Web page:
Critical Look at using DCF for Valuations

The estimated reading time for this post is 5 seconds


Note: Highlight to Tweet is enabled - Just highlight text to easily share the selected content to Twitter!

Professor Damodaran has written a ton of articles about Discounted Cash Flow (DCF) analysis over the years.  I don’t think another website has as much information about valuation and DCF as on his blog – so it is a wonderful resource to visit and use for investors.  His latest blog post on DCF which defends the use of DCF as a valuation technique is a good topic.  Many investors have discredited the use of the DCF technique and Damodaran tries to initially cover some of these myths and focus on the critical use of DCF in valuing companies.  It appears that he will cover, in detail, the myths of DCF over the upcoming year!

It is my opinion that a DCF analysis, in theory, is the right way to value a business or asset.  An asset is only valuable if it will give a return to an investor.  An asset has a defined life, and the total amount of cash returned to an investor over the life of an asset, discounted for risk and time value of money is the final value of that asset.  The theory is solid, as is the basic DCF calculation process.  This simple chart is a great overview of the DCF process:

DCF Calculation

Provided by Professor Damodaran: http://aswathdamodaran.blogspot.com/2015/02/discounted-cashflow-valuations-dcf.html

I took my fair share of finance classes while obtaining my MBA, and one gets plenty of practice using DCF along with many academic sessions discussing the model’s pro’s and con’s.  The value investing community sometimes has a negative slant on the academic side of finance and investing.  This comes from the fact that finance classes tend to teach the Efficient Market Theory (EMT), and value investors overwhelmingly disagree with the EMT.  Somehow, the DCF model gets swept up in this argument, and the model gets negated.  In the basic sense, the DCF model is based upon sound principles – the future return (cash flows) of an asset, over its life, discounted back to today’s value is exactly how an investor should value assets (and businesses).  The big criticism, from my point of view, is that it is very hard to estimate the future accurately enough to use as a value to judge whether a security should be purchased or sold.  Damodaran seems to disagree with this philosophy to an extent saying that the DCF can be used for all types of assets in all stages of growth – but I don’t think the strong arguments are coming from this angle.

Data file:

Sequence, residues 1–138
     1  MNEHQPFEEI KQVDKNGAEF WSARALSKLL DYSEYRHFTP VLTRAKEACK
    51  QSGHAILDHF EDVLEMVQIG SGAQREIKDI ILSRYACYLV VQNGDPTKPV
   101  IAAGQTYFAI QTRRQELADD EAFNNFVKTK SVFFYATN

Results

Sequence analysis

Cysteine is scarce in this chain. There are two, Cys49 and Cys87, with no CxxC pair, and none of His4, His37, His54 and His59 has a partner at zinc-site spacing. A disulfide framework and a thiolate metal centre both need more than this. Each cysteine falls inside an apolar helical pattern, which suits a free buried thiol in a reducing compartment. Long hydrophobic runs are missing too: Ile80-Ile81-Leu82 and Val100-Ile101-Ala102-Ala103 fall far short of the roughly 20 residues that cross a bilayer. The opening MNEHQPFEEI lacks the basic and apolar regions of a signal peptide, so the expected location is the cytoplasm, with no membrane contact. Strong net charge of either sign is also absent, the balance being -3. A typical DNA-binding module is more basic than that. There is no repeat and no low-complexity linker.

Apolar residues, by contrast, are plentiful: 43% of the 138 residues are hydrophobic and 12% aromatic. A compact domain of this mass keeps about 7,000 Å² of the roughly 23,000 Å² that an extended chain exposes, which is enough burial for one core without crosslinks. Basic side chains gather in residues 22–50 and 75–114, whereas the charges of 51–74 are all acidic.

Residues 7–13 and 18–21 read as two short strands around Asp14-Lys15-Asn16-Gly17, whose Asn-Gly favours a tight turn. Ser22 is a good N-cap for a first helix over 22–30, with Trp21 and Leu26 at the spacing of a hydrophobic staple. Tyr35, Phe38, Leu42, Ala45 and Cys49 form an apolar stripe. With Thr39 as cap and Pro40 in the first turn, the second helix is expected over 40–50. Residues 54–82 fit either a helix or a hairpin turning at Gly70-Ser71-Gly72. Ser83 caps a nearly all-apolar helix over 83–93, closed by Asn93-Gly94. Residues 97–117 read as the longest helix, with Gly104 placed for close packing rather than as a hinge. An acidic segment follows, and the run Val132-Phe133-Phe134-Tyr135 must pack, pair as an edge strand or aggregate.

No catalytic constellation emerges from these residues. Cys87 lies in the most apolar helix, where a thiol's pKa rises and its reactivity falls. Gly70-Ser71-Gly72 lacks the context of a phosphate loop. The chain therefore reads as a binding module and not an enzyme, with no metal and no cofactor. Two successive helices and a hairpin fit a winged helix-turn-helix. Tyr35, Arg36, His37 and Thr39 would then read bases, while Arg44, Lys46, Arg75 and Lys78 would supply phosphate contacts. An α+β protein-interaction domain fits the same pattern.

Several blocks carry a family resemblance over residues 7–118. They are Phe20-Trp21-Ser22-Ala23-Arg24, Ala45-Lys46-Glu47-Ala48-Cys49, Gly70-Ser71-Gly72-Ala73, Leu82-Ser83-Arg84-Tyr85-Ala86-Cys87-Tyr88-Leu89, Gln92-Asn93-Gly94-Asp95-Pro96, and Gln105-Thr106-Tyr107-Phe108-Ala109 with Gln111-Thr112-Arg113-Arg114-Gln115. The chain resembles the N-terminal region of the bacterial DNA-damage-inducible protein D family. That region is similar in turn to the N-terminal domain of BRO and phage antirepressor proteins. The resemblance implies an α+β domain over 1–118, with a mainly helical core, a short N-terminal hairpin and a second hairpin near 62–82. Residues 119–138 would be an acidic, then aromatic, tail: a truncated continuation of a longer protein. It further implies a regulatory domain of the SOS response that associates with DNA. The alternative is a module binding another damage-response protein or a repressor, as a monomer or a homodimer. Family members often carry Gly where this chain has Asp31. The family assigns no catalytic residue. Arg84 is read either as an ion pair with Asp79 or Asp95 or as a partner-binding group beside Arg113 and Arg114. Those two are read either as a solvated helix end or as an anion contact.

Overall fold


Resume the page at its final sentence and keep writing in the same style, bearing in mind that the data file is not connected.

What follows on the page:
Criticism of DCF Models:

  • Too Complex of a model
  • Terminal Value is a large percentage of final value
  • Cost of Capital is hard to determine
  • Discount Rate is hard to determine
  • Impossible to accurately determine Cash Flows in Future